SLC Young Ambassador Blog: Week 1

22 07 2013

     Hello, my name is Alana Zamora from San Marcos, Texas. This year, I was selected as a 2013 Smithsonian Latino Center Young Ambassador; Up to twenty-four graduating high school seniors are selected each year and are given the amazing opportunity to intern in a museum/cultural institution in their local community for four weeks. Currently, I am interning here at the Austin Children’s Museum. I will be posting weekly blog posts to describe my experience here at ACM, as well as, insights into the different summer camps that we offer at the Museum.Image

     This week, I worked directly with children, ages 7-10, that were enrolled in the ‘Inside Out’ full day summer camp program here at the Museum. For every full day camp, we go on daily field trips, experience innovative hands-on activities, and play in the Museum. This week, I assisted in leading science and art activities, played with the children in the museum and supervised them on the daily community field trips.

On Monday, July 1st, we took the children on a walk down to Lady Bird Lake, where we met with two students from the Department of Geological Sciences from The University of Texas at Austin. There, the two students directed the children, as well as myself and the other interns, on how to properly take water samples and how to measure the pH levels. We discussed with the children on what to do if the levels become harmful to the environment and how it can affect the community. When we returned to the Museum that afternoon, we led the children in an activity of designing boats, out of plastic containers and straws, that were durable enough to hold a few dollars worth in pennies.Image     On Tuesday, July 2nd, we took the children to the UT Department of Engineering. There, we met with two students, one studying to be a Chemical Engineer and the other to be a Mechanical Engineer. They instructed the children on how to create their own little ‘rocket’s made out of a straw and tape. After the field trip, we returned to the Museum and started our hands-on activities. I interacted with the children, asking them what they knew abut meteors and craters. Then, I led an activity where the children dropped different sized balls into a bucket of cocoa, and they had to measure the size of the ‘crater’ and describe what it looked like. In the next activity, we gave the children their own Styrofoam ball and they had the opportunity to color and create their own planet.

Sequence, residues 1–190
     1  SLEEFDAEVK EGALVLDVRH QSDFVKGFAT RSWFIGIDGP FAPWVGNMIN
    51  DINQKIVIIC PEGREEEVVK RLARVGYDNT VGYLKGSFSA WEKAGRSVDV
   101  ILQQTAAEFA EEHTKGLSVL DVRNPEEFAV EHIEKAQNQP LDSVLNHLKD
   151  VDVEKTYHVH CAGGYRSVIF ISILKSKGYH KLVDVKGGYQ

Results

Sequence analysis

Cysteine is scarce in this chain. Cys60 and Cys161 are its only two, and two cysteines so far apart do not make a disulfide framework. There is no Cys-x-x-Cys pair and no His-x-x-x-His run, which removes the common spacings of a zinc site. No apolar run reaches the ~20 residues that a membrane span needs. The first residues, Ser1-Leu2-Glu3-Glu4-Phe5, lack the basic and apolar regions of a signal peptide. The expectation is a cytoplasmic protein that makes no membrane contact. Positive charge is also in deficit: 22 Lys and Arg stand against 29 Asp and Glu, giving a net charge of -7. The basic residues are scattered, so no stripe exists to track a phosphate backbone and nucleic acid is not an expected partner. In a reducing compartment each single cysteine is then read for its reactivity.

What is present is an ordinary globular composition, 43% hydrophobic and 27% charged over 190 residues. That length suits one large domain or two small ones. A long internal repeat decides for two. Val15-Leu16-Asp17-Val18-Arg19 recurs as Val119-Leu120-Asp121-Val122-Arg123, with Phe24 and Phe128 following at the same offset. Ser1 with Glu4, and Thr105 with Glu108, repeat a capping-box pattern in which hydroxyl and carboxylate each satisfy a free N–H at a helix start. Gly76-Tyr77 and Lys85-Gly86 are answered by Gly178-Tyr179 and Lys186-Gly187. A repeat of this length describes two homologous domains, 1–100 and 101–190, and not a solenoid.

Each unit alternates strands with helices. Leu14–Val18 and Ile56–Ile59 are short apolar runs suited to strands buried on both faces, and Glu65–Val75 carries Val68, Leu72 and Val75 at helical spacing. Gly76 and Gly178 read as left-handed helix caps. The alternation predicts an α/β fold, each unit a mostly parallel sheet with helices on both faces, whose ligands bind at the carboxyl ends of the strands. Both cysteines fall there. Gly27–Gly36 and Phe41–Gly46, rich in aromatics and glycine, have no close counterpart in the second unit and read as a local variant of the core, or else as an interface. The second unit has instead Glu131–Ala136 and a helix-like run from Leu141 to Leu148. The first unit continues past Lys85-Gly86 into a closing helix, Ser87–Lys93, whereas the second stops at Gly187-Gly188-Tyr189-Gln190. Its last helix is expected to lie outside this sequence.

On Wednesday, July 3rd, we took a field trip to the Goodwill Computer Museum. There, we all had a tour of the museum and learned the history of electronics. Since 1994, Goodwill started a collection of hardware, software, and documentation of recycled electronics. We also learned that Goodwill gives back to the community when you donate items to them; Some of the money that is made by Goodwill goes to helping their employees, as well as other community members, achieve their GED. When we returned to the Museum, we had two activities for the children to participate in: One was, taking apart computers and keyboards, and then putting them back together. The second one was, building their own circuits with circuit blocks and ‘alligator’ clips.


     On Friday, July 5th, we took a field trip to Dell Children’s Hospital, where we were given a tour of the pediatrician’s office and of an operating room. We all learned how to take blood pressure, measure height and weight, perform an ultrasound scan, and how to prevent spreading germs. When we returned to the Children’s Museum, the other volunteers, interns and I led activities in dissecting owl pellets and how to create a lung model, using a water bottle and balloons.Image